Affluent Dutch Shoppers Attract Hudson’s Bay, CEO Storch Saysby
Saks owner to open 20 stores in two years in European country
Canada’s oldest company now sees a third of business in Europe
The Netherlands offers affluent customers in a small area, ideal conditions for Canadian department store chain Hudson’s Bay Co. to expand abroad, according to Chief Executive Officer Jerry Storch.
“The Netherlands is an incredibly attractive country, very affluent, very dense and it’s part of our long-term strategy to be a global department store company and to expand throughout the world and especially throughout Europe," Storch said Tuesday in an interview with Pamela Ritchie on Bloomberg TV Canada.
Canada’s oldest company announced earlier it plans to open as many as 20 stores in The Netherlands in the next two years, with the first stores opening in summer of 2017. The expansion is expected to create 2,500 store jobs and 2,500 construction jobs in key Dutch cities. About 300 million euros ($340 million) of capital will be put into the stores, with most of that amount coming from landlords, the Toronto-based retailer said in the statement.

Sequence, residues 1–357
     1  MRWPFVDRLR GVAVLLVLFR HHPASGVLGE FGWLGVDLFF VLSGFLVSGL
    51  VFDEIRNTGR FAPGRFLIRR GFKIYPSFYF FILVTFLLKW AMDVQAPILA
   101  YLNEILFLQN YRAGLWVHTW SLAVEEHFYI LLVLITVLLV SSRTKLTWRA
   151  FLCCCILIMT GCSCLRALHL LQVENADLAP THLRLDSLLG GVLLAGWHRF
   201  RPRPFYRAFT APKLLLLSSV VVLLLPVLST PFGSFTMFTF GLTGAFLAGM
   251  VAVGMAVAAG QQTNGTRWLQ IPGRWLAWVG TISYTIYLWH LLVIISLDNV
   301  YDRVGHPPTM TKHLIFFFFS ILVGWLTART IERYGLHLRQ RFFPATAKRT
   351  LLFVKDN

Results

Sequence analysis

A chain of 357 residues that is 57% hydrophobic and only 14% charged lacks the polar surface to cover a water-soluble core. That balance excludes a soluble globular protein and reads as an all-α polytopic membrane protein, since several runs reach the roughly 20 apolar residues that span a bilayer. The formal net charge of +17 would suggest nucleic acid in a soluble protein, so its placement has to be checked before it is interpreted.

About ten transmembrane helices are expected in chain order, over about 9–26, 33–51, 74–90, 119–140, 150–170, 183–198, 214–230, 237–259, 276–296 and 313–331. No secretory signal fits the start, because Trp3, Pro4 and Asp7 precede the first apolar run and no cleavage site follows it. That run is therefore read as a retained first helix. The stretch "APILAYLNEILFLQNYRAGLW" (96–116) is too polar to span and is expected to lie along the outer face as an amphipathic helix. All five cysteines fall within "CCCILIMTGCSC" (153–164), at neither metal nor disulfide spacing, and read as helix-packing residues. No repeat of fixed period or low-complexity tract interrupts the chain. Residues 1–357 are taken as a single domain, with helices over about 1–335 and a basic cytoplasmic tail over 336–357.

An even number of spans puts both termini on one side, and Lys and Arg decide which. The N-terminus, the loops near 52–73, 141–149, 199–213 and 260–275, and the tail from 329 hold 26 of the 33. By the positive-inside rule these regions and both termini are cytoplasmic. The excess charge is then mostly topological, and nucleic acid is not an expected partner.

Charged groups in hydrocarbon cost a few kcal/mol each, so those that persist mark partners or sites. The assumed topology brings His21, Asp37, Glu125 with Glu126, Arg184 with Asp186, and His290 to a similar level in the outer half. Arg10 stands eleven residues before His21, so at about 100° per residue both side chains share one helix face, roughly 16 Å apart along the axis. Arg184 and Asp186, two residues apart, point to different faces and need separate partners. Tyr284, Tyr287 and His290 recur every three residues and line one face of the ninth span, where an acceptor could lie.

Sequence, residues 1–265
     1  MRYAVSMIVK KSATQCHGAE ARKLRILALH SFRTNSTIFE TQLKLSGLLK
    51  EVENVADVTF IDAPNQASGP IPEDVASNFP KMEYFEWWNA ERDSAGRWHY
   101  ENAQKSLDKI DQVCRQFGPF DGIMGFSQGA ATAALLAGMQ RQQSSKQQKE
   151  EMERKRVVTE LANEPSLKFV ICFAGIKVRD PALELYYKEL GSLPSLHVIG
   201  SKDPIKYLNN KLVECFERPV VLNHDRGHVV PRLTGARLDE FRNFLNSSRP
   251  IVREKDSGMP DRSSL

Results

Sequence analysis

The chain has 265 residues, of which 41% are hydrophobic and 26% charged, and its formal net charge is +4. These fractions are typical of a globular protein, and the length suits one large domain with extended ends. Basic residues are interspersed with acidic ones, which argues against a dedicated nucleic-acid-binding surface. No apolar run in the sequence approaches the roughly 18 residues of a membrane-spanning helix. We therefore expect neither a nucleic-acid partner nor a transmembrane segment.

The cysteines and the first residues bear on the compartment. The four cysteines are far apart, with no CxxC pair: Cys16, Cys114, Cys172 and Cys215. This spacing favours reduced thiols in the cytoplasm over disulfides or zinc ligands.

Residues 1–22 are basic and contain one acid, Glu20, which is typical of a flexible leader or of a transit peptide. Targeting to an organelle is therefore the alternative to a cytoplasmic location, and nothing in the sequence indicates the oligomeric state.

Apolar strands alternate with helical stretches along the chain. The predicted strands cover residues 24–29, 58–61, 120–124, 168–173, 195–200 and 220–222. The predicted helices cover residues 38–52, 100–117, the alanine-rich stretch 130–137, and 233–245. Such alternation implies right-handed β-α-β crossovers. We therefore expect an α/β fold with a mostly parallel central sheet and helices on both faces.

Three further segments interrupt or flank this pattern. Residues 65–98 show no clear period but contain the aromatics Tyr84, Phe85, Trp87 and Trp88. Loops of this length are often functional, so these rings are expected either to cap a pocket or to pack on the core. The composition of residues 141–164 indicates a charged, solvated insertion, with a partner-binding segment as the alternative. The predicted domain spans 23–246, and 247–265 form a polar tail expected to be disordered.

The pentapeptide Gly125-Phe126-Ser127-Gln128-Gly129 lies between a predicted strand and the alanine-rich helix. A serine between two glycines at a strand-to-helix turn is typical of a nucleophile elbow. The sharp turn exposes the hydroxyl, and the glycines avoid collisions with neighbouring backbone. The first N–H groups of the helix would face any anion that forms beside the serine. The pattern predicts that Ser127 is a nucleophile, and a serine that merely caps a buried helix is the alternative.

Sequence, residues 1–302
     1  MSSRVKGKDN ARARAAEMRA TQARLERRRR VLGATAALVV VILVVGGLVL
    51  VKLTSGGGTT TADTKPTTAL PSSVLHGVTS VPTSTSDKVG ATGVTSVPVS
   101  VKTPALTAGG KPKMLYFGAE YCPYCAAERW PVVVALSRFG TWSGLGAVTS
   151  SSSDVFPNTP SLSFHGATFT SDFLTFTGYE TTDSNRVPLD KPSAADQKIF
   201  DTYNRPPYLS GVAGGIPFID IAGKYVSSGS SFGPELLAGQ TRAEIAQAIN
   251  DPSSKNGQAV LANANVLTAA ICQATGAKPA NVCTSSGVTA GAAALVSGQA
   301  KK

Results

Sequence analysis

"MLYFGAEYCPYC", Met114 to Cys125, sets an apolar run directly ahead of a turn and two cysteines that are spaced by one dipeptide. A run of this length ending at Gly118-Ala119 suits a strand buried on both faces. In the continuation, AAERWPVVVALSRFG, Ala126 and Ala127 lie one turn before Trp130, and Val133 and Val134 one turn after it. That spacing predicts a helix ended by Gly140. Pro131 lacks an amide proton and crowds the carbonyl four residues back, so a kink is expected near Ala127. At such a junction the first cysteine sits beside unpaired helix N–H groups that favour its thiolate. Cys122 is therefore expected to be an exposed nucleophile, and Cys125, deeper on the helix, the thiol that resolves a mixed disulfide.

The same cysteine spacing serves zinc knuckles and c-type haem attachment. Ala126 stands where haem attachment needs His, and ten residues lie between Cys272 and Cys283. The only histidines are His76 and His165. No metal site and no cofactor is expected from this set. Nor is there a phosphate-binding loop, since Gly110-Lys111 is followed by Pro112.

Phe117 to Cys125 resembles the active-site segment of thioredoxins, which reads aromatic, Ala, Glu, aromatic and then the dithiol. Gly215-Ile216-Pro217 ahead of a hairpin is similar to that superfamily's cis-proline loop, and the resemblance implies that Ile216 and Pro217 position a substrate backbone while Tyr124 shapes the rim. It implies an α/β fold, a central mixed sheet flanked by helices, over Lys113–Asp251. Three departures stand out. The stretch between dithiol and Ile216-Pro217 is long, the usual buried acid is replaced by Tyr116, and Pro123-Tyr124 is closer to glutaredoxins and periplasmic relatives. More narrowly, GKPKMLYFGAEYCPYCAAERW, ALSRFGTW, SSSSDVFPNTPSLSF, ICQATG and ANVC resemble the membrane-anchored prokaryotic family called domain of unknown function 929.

“Most of the stores will be Hudson’s Bay department stores so we’re going to be, in essence, exporting the Hudson’s Bay department store concept from Canada to The Netherlands, and we’ll open a few Saks OFF 5TH off price stores as well," Storch said.
Hudson’s Bay, which owns U.S. luxury chain Saks Fifth Avenue and clothing store Lord & Taylor, entered Europe last year with its acquisition of Galeria Kaufhof to expand in Germany and Belgium. The Netherlands opportunity arose after a department store chain in that country went bankrupt, and Hudson’s Bay bought its properties, Storch said in the interview.
“Our main objective was to get fantastic high street locations in the best parts of The Netherlands where we can grow the Hudson’s Bay business," Storch said, calling some of the real estate "awesome."
Hudson’s Bay has a third of its business in Europe, about 20 percent in Canada and the rest in the U.S., Storch said, adding that such geographic diversity gives the company an advantage over other retailers who operate in just one country.
The company’s shares are trading at the lowest level since its initial public offering in November 2012. They fell 0.7 percent to C$14.60 at 3:41 p.m. in Toronto, down about 50 percent from a peak of C$29.42 in June 2015.
“We are doing fantastic in Canada," Storch said. "It’s clear that the U.S. is a little softer overall for retail right now, there’s something of a sluggishness in the apparel market in the United States."